By CHRIS AGEE
Announced last week as a way for locals to get involved in the effort to save a local employer, a letter campaign has sparked activity from a significant number of individuals who have either signed a prewritten letter or drafted their own.
The Mineral Wells Area Chamber of Commerce recently prepared a letter in support of the Mineral Wells Pre-Parole Transfer Facility, owned by Corrections Corporation of America.
Chamber Executive Director Beth Henary Watson said residents were waiting at the door before the chamber opened Thursday, anxious to add their names to the growing wave of support for the facility.
After being targeted for closure in previous years – primarily based on the recommendations of Sen. John Whitmire, D-Houston – the State Senate recently passed a proposed budget that would shutter the local prison.
Local leaders say a closure would mean the potential loss of more than 300 jobs and significant economic contribution through taxes and other expenditures.
Watson said the Chamber faxed about 250 letters to representatives in the House and Senate while many others opted to take advantage of a downtown retailer’s offer to fax letters to the same recipients.
According to an employee at Bennett’s Office Supply, staff at that location have sent about 22 copies of the letter to the offices of both Rep. Jim Keffer, R–Eastland, and Sen. Craig Estes, R–Wichita Falls.
The letter campaign is part of an overall push to plead CCA’s case to state lawmakers. Local leaders in government and business, including Mayor Mike Allen, City Manager Lance Howerton, Industrial Foundation President Richard Ball and Chamber of Commerce Executive Director Beth Henary Watson, recently traveled to the state capitol where they shared the facility’s positive impact on the community with a number of elected officials.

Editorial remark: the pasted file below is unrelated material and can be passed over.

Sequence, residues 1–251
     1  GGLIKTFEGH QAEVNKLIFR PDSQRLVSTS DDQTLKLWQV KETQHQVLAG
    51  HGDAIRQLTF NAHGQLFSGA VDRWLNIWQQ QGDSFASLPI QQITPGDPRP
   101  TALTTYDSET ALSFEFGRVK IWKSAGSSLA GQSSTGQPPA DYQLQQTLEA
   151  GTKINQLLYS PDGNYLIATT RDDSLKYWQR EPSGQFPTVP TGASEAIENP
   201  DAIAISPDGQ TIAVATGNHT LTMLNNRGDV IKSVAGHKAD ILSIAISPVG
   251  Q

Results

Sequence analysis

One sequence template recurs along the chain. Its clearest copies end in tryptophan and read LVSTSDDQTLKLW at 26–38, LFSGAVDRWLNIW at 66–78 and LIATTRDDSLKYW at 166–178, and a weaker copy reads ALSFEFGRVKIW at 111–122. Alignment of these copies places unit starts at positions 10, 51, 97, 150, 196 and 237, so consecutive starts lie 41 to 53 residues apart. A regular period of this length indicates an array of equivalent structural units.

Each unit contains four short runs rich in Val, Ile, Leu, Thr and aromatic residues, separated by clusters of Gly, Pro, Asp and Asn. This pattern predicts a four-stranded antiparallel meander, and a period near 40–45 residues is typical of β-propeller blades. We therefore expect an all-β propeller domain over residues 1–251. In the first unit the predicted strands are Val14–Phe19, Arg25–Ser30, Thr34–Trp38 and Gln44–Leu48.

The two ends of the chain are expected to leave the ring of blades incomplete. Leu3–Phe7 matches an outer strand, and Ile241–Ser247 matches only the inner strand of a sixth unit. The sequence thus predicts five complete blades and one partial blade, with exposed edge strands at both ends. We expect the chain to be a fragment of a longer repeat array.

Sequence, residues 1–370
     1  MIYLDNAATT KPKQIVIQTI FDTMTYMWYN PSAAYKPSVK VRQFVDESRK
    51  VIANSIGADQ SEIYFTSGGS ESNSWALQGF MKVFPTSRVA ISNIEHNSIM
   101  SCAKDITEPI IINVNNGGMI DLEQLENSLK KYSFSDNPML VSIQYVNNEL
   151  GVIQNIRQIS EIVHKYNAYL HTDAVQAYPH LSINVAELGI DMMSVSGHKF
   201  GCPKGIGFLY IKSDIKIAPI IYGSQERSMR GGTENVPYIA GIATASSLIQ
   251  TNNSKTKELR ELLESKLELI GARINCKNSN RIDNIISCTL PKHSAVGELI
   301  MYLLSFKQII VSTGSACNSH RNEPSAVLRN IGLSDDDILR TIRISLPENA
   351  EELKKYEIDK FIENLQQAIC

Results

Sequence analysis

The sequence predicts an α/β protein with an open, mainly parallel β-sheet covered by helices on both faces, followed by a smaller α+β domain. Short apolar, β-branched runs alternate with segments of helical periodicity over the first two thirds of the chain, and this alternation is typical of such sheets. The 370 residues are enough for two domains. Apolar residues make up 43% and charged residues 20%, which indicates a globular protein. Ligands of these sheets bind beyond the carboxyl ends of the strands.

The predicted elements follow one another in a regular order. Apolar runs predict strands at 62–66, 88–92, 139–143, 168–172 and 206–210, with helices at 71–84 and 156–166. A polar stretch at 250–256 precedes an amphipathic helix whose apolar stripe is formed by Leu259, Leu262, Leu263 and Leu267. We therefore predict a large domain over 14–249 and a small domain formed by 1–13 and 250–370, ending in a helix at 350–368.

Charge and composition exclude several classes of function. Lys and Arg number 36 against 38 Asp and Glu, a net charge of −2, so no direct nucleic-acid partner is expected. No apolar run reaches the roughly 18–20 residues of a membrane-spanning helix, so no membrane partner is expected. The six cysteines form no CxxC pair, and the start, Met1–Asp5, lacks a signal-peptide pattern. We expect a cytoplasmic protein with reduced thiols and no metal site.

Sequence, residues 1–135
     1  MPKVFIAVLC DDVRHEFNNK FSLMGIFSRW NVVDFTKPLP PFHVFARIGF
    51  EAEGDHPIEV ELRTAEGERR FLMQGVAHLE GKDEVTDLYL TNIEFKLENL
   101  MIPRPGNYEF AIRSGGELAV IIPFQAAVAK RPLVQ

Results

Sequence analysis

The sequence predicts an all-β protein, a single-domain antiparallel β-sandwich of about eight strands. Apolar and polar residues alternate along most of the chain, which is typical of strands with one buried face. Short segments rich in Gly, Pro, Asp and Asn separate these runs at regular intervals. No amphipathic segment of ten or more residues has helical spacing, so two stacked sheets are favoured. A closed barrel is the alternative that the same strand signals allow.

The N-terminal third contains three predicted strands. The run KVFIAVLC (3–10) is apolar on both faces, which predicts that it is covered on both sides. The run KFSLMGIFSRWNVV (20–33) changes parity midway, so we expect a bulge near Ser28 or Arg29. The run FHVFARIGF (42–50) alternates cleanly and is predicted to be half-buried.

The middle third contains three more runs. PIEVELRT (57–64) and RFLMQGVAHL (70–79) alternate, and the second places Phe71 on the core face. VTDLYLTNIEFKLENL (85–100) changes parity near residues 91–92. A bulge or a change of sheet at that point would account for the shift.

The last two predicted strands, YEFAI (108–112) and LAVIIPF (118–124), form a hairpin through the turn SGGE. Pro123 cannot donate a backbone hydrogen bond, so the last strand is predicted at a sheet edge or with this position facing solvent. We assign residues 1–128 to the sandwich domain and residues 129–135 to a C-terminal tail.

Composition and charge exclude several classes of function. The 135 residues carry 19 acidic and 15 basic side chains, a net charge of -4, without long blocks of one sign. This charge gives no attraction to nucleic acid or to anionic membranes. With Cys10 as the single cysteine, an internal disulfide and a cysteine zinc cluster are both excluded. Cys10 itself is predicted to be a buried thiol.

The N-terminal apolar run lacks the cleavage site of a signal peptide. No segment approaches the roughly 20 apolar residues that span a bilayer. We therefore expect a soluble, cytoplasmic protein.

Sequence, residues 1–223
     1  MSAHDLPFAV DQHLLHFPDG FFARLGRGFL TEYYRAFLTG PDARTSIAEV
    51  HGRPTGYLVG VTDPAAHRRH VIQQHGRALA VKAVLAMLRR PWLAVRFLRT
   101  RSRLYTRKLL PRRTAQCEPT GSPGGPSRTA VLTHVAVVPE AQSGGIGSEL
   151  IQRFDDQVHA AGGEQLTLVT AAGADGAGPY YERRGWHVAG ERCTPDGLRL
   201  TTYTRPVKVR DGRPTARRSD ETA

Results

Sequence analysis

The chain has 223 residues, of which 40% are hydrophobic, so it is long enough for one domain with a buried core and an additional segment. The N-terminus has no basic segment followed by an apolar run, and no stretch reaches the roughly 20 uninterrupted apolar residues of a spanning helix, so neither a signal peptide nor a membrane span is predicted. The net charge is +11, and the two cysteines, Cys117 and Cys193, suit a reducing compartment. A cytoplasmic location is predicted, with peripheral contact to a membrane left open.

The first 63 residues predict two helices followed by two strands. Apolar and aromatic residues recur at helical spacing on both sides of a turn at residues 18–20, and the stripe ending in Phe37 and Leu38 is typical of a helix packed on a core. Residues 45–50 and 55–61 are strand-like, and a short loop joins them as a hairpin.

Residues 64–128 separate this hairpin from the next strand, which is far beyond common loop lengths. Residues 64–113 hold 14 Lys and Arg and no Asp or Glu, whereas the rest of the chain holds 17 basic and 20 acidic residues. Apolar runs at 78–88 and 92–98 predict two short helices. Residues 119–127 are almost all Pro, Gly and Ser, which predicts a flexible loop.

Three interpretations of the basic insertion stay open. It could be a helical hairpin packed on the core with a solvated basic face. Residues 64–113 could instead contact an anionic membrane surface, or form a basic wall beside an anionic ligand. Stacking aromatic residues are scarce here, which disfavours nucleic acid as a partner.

According to those who carried the message to Austin, CCA provides lower cost prisoner housing than state-operated facilities while offering inmates greater opportunities prior to re-entering society.
The facility, which boasts the highest level of high school equivalency graduates in the state, also spent nearly $1 million in previous years to combat security issues. Mayor Mike Allen explained such issues were the primary excuse Whitmire used in lobbying for the facility’s closure, adding the problem is now under control.
Though a conference committee consisting of representatives from both legislative branches is expected to vote on a final budget soon, citizens can still join in on the letter campaign. Copies of the letter are available at the Chamber, 511 E. Hubbard St., and at Bennett’s Office Supply, 400 N. Oak Ave.